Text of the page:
Isis taking advantage of ‘inspired’ terror attacks

July 27, 2016 9:00 am

The terrorist attacks seem to come one right after the other, by truck, handgun, axe, assault rifle, machete, bomb and knife.
Each day, a string of alerts on your phone. Or worse, the sound of shots fired, or sirens blaring in your city.
In
a show of the increasing influence of (Islamic State), we now
await, and even expect, revelations that the attackers are affiliated
with the group. in most of the world has become synonymous
with its name.
But in many recent cases, it seems that Isis’
media apparatus is also waiting for those revelations. Since the highly
coordinated attacks in Paris last November, most of the attacks that the
group eventually claimed were carried out by individuals who may never
have come into direct contact with operatives in their supposed
“caliphate” in northern Iraq and Syria.

These attackers did not give Isis notice that they would be
acting in its name. Instead, some of them self-radicalised and left
recordings behind offering oaths of allegiance.
By reading the
language in Isis’ claims on attacks, one can see which of them were
heavily directed, as in Paris and Brussels, and which were simply
inspired by the group’s ideology. There is a clear difference between
claims made after attacks that Isis leaders knew about beforehand, and
attacks they didn’t.
In the case of Paris, for instance, highly
detailed press releases were distributed right after the carnage,
complete with videos and pictures. On the other hand, Amaq, Isis’ media
arm, claims responsibility for “inspired” attacks only once it gets
credible information of a link, either from a source of its own or from
the news media. Isis does not always have its own inside source.
“What
has evolved is that they are doing much the same thing that we do as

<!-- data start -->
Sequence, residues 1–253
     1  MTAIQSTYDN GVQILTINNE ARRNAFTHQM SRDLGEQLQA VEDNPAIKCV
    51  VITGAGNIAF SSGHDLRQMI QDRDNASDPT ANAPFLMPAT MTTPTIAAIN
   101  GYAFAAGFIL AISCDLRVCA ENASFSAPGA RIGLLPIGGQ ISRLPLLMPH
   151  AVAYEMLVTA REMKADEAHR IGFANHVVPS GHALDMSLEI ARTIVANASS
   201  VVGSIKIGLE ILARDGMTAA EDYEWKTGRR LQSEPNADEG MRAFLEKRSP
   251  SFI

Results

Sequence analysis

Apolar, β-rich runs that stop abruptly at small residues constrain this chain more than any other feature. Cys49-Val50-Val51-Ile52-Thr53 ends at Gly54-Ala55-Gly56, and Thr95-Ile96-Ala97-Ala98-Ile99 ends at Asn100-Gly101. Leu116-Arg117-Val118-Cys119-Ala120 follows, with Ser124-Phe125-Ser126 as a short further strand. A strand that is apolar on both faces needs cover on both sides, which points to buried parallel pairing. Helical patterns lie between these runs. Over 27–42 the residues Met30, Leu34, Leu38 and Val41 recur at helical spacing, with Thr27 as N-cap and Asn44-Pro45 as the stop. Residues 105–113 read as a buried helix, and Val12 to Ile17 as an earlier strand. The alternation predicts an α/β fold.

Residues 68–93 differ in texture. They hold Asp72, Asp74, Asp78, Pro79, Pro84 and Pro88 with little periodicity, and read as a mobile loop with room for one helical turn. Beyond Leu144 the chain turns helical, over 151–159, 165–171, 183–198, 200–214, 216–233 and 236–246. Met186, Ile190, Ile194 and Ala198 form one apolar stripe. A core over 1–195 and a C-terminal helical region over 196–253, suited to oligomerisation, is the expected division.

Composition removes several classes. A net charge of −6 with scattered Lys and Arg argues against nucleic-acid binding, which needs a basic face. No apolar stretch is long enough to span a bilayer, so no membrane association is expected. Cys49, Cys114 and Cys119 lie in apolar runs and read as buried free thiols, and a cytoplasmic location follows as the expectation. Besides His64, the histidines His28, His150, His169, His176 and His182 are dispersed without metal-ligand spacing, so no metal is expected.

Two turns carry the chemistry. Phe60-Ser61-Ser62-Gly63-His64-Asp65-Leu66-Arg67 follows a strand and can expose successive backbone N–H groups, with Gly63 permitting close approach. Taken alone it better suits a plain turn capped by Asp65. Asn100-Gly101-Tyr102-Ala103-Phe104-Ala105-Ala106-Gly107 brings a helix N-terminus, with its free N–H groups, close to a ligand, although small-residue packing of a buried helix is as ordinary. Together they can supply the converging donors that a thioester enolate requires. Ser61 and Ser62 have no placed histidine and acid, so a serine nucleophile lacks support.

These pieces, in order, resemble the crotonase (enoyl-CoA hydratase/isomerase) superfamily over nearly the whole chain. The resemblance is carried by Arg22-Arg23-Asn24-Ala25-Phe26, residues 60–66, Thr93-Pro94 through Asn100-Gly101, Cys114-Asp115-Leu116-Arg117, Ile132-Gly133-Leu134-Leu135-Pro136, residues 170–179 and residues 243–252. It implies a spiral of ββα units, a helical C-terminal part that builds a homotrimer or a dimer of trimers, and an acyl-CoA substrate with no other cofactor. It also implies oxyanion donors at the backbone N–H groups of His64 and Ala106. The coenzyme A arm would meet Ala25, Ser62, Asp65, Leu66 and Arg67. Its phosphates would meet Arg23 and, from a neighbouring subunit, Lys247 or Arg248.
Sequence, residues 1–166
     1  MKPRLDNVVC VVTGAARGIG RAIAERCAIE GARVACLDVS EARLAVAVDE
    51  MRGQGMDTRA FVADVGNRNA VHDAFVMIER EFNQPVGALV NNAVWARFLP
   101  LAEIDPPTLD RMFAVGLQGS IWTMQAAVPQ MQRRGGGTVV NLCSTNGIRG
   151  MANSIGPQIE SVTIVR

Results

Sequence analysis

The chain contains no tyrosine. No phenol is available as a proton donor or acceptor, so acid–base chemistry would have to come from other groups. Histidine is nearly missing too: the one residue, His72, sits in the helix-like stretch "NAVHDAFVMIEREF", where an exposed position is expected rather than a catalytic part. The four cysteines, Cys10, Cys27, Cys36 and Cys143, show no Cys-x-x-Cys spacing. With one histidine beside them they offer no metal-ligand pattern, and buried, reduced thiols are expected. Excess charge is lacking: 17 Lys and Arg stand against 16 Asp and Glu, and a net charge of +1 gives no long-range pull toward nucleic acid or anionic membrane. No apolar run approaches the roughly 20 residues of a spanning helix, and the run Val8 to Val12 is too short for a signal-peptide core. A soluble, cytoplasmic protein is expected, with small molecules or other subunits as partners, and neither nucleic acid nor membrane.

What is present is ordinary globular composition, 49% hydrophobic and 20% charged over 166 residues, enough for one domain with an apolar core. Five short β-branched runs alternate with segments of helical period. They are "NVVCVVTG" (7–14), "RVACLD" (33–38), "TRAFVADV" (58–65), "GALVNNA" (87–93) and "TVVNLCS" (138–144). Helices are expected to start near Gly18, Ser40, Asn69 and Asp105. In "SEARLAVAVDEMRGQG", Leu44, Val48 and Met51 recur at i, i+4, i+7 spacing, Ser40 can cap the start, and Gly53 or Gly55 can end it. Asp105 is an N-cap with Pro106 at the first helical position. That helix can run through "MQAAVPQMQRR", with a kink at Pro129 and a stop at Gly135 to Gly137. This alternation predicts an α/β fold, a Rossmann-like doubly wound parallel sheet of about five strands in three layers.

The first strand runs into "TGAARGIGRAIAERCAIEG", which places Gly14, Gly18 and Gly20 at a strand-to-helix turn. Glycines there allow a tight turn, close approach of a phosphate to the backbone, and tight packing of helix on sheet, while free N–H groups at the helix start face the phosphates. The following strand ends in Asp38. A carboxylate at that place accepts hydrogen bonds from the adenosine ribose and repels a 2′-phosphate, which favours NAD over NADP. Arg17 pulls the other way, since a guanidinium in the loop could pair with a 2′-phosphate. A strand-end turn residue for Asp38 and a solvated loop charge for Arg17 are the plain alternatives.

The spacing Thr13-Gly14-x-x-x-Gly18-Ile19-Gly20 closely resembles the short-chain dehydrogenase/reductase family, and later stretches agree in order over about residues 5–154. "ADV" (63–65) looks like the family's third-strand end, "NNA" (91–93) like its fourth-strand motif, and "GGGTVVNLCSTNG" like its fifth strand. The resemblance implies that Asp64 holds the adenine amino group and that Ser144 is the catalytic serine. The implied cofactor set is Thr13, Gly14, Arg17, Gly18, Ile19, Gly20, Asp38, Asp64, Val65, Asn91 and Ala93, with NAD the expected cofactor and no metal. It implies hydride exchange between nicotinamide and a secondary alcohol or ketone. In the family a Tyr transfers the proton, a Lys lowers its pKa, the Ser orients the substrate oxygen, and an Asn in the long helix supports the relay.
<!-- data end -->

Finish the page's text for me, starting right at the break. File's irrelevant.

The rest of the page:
analysts, which is watch these attacks and try and figure out if it is
Isis-inspired,” said JM Berger, a fellow with George Washington
University’s Programme on Extremism and the co-author of Isis: The State of Terror.
After a man blew himself up in Ansbach, Germany on
Monday, it took Amaq 24 hours to claim that Isis inspired the attack.
After a 17-year-old axe-wielding Afghan went on a rampage on a train,
also in Germany, it took nine hours to issue such a claim. After Mohamed
Lahouaiej Bouhlel mowed down dozens in Nice with a truck, it took a
full day and a half.
“For these inspired attacks, it’s important
to know that [the media people in Syria] don’t even know of these guys.
They have nothing to do with them. They aren’t in contact with them
directly,” said Amarnath Amarasingam, a fellow studying extremism at
Dalhousie University in Canada and the co-director of a study of Western
fighters for Isis, based at the University of Waterloo in Ontario,
Canada.
The lag time in claiming an attack reflects a need to
establish a credible link between the attacker and Isis. Many have
lampooned Isis as an organisation keen to claim each and every terrorist
attack around the world, but analysts say it has a vested interest in
being accurate.
“They’re careful about it. They couch their terms